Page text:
Earth, Wind, and Fire: Nature and History in America

Romanticism’s Religious Roots

u   Calvinist and Puritan origins

u  Calvin: Nature as the “theater of God’s glory”

u  Nature: where God communicates himself to us

u  Permissible to say “nature is God,” if said with a pious mind

u  Reformed Protestants

u  Congregationalists, Unitarians, Presbyterians, Huguenots

u   Eden

u  Fascination human harmony with God and nature

u  John Milton’s Paradise Lost

u  Detailed description of Paradise as a wild garden

u  Adam and Eve’s “Morning Hymn”

Romanticism & Civilization

u   Nineteenth century material civilization

u  Imperialism, industrialization, urbanization

u  Contradictions with purpose of society?

u   Romantic reaction

u  Urban, educated, usually Northern and Reformed Protestant

u  Turning from blighted, chaotic cities to Nature

Principles of Romanticism

u   Reaction to machine-universe

u  Search for mysticism

u  Nature as wild, organic, source of mystery

u  Effect on imagination & morals

u  Not created by man, unsullied, pure

u  God in nature

u   Romantic poets

u  William Wordsworth: “Tintern Abbey,” 1798

u  William Cullen Bryant: “A Forest Hymn,” 1825

William Wordsworth,“Tintern Abbey,” 1798

          These beauteous forms,

Through a long absence, have not been to me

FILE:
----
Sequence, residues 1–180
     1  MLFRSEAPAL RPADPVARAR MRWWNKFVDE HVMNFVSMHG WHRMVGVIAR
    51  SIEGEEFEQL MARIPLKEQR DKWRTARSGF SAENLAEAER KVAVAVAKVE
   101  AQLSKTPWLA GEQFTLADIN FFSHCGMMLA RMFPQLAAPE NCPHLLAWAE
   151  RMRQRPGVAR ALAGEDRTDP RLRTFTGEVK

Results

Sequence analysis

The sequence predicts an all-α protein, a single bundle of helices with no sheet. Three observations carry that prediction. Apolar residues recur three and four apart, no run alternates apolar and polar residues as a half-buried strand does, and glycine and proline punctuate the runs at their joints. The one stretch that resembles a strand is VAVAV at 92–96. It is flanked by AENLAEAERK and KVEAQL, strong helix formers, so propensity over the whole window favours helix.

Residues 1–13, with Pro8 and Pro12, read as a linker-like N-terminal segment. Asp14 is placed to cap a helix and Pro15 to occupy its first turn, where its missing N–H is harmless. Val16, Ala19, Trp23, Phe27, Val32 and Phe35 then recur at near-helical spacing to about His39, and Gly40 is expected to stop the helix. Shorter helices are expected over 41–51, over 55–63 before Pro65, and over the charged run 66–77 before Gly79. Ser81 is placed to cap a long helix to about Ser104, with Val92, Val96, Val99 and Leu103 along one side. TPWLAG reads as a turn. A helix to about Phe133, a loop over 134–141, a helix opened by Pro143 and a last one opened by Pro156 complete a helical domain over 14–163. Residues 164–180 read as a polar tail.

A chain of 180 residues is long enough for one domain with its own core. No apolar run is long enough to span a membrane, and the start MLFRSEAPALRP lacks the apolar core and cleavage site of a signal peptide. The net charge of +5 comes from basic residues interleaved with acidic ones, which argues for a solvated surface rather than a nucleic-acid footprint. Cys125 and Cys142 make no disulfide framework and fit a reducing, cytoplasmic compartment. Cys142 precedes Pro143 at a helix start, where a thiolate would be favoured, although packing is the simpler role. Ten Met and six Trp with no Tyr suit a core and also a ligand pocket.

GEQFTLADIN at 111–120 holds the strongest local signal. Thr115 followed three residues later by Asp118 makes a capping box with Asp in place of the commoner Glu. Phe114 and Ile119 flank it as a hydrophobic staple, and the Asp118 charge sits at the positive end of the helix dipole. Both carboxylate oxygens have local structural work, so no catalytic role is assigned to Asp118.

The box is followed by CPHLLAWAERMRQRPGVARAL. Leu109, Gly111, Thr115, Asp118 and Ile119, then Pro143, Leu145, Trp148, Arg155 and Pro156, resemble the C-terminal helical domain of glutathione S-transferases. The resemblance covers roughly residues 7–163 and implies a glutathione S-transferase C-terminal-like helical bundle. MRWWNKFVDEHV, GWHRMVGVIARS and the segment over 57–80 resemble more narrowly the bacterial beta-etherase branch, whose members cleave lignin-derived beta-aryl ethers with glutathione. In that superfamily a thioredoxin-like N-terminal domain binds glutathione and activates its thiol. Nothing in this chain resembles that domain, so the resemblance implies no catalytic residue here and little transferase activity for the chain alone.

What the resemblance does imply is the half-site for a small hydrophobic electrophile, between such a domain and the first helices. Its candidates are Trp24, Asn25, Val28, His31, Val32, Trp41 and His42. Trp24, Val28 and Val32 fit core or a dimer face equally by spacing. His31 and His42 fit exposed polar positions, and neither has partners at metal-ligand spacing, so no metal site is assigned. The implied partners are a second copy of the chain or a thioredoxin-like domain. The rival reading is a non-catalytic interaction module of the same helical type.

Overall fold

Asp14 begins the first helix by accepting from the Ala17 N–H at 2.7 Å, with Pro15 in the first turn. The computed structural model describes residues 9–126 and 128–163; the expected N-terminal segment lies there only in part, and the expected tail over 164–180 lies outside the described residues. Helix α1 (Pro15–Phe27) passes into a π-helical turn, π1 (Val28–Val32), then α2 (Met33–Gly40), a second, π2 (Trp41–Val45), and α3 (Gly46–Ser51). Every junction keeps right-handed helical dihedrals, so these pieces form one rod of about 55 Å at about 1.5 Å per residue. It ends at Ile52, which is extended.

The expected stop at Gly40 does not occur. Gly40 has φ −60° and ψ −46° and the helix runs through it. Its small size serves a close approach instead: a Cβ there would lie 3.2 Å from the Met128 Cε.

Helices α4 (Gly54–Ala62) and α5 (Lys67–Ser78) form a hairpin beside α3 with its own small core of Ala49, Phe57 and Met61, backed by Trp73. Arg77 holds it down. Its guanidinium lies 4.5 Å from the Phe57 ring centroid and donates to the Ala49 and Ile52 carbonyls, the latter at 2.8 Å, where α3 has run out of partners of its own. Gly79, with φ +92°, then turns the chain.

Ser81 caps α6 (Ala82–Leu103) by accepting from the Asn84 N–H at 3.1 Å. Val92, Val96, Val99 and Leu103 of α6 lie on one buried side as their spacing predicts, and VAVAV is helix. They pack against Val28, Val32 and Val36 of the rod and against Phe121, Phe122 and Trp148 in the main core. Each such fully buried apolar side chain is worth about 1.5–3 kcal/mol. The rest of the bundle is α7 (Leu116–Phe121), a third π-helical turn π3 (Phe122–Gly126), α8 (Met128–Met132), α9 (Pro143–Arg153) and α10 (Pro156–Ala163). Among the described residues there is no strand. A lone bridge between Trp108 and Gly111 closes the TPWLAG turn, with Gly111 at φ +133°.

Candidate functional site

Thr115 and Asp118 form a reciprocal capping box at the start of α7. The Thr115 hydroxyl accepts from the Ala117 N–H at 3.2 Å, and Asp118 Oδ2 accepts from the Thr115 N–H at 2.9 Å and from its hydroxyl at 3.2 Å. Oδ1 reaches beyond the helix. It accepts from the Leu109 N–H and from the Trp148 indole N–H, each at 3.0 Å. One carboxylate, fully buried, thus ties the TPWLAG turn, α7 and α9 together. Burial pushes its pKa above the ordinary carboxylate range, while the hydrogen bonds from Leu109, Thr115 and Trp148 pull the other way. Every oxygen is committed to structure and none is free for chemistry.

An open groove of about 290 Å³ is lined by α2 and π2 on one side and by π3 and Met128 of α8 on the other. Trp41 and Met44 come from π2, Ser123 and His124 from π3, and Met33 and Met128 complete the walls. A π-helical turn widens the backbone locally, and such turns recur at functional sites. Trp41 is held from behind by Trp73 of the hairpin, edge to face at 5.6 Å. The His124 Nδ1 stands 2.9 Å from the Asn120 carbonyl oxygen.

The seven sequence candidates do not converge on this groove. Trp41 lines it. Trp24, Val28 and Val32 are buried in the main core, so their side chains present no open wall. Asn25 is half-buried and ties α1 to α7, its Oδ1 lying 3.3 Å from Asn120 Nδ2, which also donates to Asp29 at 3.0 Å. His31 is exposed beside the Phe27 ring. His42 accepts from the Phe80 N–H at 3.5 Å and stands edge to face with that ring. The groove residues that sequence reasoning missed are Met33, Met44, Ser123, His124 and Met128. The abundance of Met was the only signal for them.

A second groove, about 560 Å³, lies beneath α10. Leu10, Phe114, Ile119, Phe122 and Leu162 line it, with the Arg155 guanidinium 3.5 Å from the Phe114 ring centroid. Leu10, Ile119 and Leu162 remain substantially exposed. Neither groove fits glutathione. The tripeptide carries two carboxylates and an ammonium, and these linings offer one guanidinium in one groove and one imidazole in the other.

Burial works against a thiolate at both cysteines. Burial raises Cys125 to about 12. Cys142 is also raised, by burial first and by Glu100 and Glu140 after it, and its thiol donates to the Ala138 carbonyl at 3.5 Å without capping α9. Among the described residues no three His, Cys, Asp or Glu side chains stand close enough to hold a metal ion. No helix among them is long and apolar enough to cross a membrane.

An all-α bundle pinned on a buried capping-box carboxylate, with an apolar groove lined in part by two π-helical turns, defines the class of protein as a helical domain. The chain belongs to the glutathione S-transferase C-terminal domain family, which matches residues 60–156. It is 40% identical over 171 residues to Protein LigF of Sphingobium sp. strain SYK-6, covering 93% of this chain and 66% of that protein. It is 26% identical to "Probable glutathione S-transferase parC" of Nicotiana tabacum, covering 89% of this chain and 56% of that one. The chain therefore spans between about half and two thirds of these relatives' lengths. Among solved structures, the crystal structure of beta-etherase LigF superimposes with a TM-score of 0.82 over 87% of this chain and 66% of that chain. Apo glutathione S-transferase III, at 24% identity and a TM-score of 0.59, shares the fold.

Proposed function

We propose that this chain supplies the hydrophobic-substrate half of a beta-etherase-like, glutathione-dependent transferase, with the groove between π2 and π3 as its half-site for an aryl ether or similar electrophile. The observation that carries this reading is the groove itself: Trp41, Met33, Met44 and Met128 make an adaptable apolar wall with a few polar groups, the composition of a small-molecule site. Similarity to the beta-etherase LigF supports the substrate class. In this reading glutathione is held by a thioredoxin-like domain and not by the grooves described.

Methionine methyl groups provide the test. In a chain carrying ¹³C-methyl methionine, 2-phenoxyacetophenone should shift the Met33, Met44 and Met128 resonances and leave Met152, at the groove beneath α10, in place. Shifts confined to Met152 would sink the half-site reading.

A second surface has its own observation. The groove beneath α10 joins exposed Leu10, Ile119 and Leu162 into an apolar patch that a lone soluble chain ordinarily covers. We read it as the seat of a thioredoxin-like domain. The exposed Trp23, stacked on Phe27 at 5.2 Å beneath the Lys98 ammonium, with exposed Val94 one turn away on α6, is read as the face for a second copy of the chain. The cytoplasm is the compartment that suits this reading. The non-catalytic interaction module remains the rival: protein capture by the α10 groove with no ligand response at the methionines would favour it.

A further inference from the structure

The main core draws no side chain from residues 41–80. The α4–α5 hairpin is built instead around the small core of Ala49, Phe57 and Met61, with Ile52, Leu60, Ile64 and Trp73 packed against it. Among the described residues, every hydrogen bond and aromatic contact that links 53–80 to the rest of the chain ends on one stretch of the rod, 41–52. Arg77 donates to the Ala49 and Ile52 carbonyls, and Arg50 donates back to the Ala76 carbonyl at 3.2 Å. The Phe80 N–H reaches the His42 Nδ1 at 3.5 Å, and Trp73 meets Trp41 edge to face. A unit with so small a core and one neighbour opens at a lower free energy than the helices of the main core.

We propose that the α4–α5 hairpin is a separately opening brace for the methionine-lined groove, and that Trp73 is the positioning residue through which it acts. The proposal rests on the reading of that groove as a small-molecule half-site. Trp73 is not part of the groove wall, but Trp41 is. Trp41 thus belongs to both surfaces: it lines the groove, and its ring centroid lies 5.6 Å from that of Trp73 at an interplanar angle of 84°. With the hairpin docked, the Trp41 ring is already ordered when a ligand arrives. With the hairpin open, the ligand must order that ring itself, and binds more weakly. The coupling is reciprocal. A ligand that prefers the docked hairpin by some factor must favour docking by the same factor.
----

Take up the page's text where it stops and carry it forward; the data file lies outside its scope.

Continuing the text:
As is a landscape to a blind man's eye:

But oft, in lonely rooms, and 'mid the din

Of towns and cities, I have owed to them

In hours of weariness, sensations sweet,

Felt in the blood, and felt along the heart;

And passing even into my purer mind,

With tranquil restoration:—feelings too

Of unremembered pleasure: such, perhaps,

As have no slight or trivial influence

On that best portion of a good man's life,

His little, nameless, unremembered, acts

Of kindness and of love. Nor less, I trust,

To them I may have owed another gift,

Of aspect more sublime; that blessed mood,

In which the burthen of the mystery,

In which the heavy and the weary weight

Of all this unintelligible world,

Is lightened:—that serene and blessed mood,

In which the affections gently lead us on,—

Until, the breath of this corporeal frame

And even the motion of our human blood

Almost suspended, we are laid asleep

In body, and become a living soul:

While with an eye made quiet by the power

Of harmony, and the deep power of joy,

We see into the life of things.






u   Ralph Waldo Emerson

u  Nature, 1836

u   Henry David Thoreau

u  Walden, 1854

Romanticism in the Arts

u   English critic John Ruskin: moral effect of art

u   Hudson River School

u  Thomas Cole, 1801-1848

u  Ashur B. Durand, 1796-1886

u  Frederic Church, 1826-1900

u   Celebration of the West

u  Albert Bierstadt, 1830-1902

u  Thomas Moran, 1837-1926

America the Beautiful

u   Sense of wonder at nature so grand

u  Effect of Western paintings

u  Report of naturalists & explorers

u   Not like Europe

u  Wild and as God made it

u   See America first: rise of nature tourism

u  White Mountains in Vermont

u  Adirondacks in New York

u  Yosemite in California, 1864, first park